New Jersey Gov. Chris Christie spent much of 2013 as the de facto front-runner for the GOP's presidential nomination in 2016, a dynamic that intensified with his landslide reelection late that year. But then Bridgegate happened, and ever since, Christie's been fighting to not only stay alive as a presidential contender but to keep his first job as the Garden State's governor. Yet while there's no reason to believe Christie's really been able to put his troubles behind him, a new poll shows that in an increasingly weak-looking field, Christie may remain a force to contend with for other Republicans hoping to get the White House nod from their party two years hence.
Here's the latest Christie happenings:
- A new poll from Fox News shows Christie technically leading the pack as the presidential choice for GOP voters. Christie takes in about 15 percent in the poll, with Sen. Rand Paul and former Gov. Jeb Bush close behind, both at 14 percent. Yet as is the case for Bush and Paul, too, the poll also finds Christie losing to former Secretary of State Hillary Clinton in a hypothetical 2016 matchup, nearly by double digits.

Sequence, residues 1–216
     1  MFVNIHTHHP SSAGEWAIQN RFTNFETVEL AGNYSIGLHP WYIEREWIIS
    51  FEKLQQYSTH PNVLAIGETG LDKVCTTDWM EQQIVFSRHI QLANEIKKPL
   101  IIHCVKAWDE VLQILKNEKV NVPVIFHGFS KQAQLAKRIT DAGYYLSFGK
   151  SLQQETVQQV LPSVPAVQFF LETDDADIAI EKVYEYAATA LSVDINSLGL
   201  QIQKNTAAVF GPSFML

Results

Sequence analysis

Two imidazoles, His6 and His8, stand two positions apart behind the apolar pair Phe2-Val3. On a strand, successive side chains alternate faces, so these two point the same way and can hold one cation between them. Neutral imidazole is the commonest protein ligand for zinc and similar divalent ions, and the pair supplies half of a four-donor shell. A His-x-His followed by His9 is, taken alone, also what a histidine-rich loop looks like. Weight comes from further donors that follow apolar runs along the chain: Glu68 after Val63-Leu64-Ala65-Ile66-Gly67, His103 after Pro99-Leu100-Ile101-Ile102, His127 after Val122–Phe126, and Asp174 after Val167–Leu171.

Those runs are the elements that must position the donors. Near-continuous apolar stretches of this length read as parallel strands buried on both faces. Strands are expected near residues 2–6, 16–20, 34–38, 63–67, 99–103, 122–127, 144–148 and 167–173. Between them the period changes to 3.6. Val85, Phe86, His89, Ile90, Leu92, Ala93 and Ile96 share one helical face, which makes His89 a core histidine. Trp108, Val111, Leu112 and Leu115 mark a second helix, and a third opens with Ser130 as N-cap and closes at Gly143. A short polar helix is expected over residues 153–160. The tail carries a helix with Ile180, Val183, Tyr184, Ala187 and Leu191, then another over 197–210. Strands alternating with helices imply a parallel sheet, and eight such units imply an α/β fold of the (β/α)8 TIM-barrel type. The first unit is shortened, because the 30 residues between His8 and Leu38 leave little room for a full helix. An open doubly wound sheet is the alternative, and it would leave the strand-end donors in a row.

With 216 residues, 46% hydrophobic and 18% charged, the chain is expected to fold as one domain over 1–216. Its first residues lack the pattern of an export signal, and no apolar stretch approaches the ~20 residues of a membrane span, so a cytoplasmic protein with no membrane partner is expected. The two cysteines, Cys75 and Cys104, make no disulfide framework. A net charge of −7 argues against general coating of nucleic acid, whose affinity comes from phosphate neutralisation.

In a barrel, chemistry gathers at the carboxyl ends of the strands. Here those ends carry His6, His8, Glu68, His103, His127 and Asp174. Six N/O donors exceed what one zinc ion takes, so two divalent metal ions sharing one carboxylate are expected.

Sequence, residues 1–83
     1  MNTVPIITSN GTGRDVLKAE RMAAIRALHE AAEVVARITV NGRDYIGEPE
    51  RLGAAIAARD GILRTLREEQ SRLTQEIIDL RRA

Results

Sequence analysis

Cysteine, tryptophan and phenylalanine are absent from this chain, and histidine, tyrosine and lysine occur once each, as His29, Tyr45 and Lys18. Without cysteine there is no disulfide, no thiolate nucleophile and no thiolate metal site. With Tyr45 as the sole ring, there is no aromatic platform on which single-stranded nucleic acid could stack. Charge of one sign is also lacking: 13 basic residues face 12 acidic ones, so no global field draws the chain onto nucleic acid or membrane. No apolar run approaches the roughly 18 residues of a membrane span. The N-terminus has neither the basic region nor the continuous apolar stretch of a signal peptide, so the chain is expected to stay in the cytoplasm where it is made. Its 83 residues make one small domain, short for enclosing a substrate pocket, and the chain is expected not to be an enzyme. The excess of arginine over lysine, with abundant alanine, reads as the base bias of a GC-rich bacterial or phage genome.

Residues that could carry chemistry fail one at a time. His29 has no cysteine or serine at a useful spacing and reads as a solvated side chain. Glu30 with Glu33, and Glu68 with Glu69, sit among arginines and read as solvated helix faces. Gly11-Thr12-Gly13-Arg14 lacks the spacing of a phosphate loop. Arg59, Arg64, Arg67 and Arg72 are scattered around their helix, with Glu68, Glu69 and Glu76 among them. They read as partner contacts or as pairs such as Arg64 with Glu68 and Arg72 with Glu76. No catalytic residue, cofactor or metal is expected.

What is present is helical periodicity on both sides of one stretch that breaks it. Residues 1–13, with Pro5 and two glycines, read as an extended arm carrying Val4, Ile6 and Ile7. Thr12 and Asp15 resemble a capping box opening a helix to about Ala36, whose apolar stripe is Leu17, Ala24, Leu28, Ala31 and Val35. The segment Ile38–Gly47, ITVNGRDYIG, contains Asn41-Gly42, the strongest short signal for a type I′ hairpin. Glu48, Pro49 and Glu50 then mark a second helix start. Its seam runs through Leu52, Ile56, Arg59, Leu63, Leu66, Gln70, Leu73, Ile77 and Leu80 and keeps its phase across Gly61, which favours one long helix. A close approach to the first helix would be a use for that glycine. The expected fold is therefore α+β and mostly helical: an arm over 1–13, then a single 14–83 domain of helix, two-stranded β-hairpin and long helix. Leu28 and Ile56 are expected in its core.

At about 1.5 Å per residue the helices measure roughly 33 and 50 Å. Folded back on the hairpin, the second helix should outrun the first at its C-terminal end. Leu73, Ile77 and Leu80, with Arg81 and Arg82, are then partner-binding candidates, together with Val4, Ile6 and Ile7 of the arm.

- The panel formed by the New Jersey Legislature in order to investigate the Bridgegate incident is readying to call forward people to testify. While the panel has so far announced no plans to do so, the Wall Street Journal reports that it may attempt to force Christie himself to testify. Assemblyman John Wisniewski, a co-chair of the panel, says calling forward Christie is "a possibility but not a certainty[.]"
- A new editorial from the South Jersey Times slams Christie for his new anything-goes stance on campaign finance. "We suspected that they were hanging on by a single lug nut," the editors write, "but the wheels just fell off Gov. Chris Christie’s campaign finance reform bus, we can now report." The editors note that Christie once bragged of his comprehensive plan to enact greater regulation of campaign finance in New Jersey — but now that he's set his eyes on Washington, his earlier passion for good government seems to have dissipated.